These included ‘Miss Blythe’, a woman who could read the stars and fully predict the future who worked through Mary Bateman, and ‘Mrs Moore’ who could provide a ‘screwer-down’ service with Mary as her agent.
Mary Bateman would persuade or encourage a person to believe that someone wanted to harm them and that someone could be stopped if they were ‘screwed-down’. If creditors were chasing for money or a husband was cheating on his wife they could be dealt with and the threat eliminated, for a price of course.
Her descent into murder first came when she targeted two Quaker sisters, the Kitchin’s. Living with their mother above the draper’s shop they owned, Mary made herself comfortable by working in the shop for them and becoming their friend and confidant. As usual, these unsuspecting women were charmed by Mary Bateman and despite their Quaker belief’s Mary managed to con them just has she did everyone else. When one sister fell ill, the dutiful Mary offered to nurse her through her illness, an illness that may very well have been caused by Mary herself.
Using her alter ego Miss Blythe, Mary sourced medicines for the Kitchin sister, medicines unbeknown to them which were laced with poison. She died and within weeks her remaining sister and her mother became ill with the same symptoms and they too succumbed to the terrible illness which Mary Bateman told everyone who asked was the plague. An explanation that served to scare anyone off from investigating the deaths through fear of being infected themselves. One sharp-eyed doctor did raise his suspicions of poisoning, but with no family member left to provide consent to an autopsy, his concerns went unheard and uninvestigated.
Under the cover of the plague infecting the house and shop, Mary stripped both bare ensuring she received maximum profit for her efforts. Soon after, Mary and her husband moved again distancing themselves from any connection to the Kitchin sisters and their deaths.
The Murder of Rebecca Perigo
The murder in which Mary Bateman would be convicted and hanged for was that of Rebecca Perigo, a woman with mild health complaints but with psychological issues and a belief she was being haunted by spirits and a black dog. Mary was suggested as someone who could remove the spirits from her and make her well again, a suggestion that resulted in her untimely death. Using her previously successful Miss Blythe ruse, Mary gave the Perigo’s instructions in a series of letters which they were to burn as soon as those instructions had been carried out, conveniently destroying any evidence against Mary Bateman in the process.
Various items from linen to silverware and cash were requested by Mary that had to be sent to Miss Blythe in return for her help. Next came the medicines that had been made up specially by Miss Blythe to be taken by Rebecca Perigo and finally puddings that should be made with a special powder that should only be eaten by William and Rebecca Perigo. The couple complied with all of Mary Bateman’s instructions to the letter including not calling a doctor when Rebecca became ill.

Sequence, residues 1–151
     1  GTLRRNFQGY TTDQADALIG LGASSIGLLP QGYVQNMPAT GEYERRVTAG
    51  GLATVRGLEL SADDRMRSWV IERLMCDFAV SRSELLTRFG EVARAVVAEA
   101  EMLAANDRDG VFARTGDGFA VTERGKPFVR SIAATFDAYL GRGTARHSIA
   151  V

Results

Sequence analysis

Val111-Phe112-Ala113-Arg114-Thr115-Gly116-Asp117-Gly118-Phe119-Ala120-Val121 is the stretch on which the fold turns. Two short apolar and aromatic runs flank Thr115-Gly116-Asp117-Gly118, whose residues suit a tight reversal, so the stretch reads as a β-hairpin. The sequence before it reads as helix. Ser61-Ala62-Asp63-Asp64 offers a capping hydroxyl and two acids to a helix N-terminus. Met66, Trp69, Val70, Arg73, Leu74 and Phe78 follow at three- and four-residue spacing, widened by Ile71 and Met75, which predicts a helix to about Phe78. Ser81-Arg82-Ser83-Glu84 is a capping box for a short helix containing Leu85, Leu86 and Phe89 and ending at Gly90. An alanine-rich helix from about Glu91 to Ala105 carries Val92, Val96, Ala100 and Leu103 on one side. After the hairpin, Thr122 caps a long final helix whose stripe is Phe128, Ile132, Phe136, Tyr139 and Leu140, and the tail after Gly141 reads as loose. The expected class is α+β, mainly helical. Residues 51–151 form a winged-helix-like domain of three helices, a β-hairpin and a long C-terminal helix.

Rebecca Perigo died prompting her husband to seek medical advice and this medical opinion raised the question of poisoning. Mary Bateman was arrested when William arranged a meeting with her and took along a police officer. When a search of her home in October 1808 highlighted all the items supposedly sent onto Miss Blythe were in fact with Mary Bateman, she was charged with fraud and found herself under investigation for murder. Two months later she was charged with the murder of Rebecca Perigo and sent to York Castle Gaol to await trial.
A psychological disorder?
A rather interesting discussion in the final chapter of ‘The Yorkshire Witch’ looks closely at the behavior of Mary Bateman against the characteristics and traits of antisocial personality disorder considering whether Bateman could be regarded as a psychopath or sociopath.
This is followed by an exploration of how Mary Bateman’s remains were treated after her death, the exploitation in many ways of her skeleton in order to cash in on her notoriety. The decision to hang her skeleton on display inside Thackray Medical Museum until mid-2015 has caused some controversy, although this didn’t stop the tourists flocking in to see it for themselves.
The Yorkshire Witch is more than a book telling the criminal life of Mary Bateman; it provides an insight into the historical times she operated in and how these provided her with more opportunity to carry out her wicked scams. It also assesses who Mary Bateman was, her personality and her behavior and applies more advanced knowledge to aid an understanding of her operations and her frame of mind. For an in-depth exploration of the character of Mary Bateman, the historical era she lived in and exploited alongside a detailed examination of her crimes, this book will not leave you disappointed.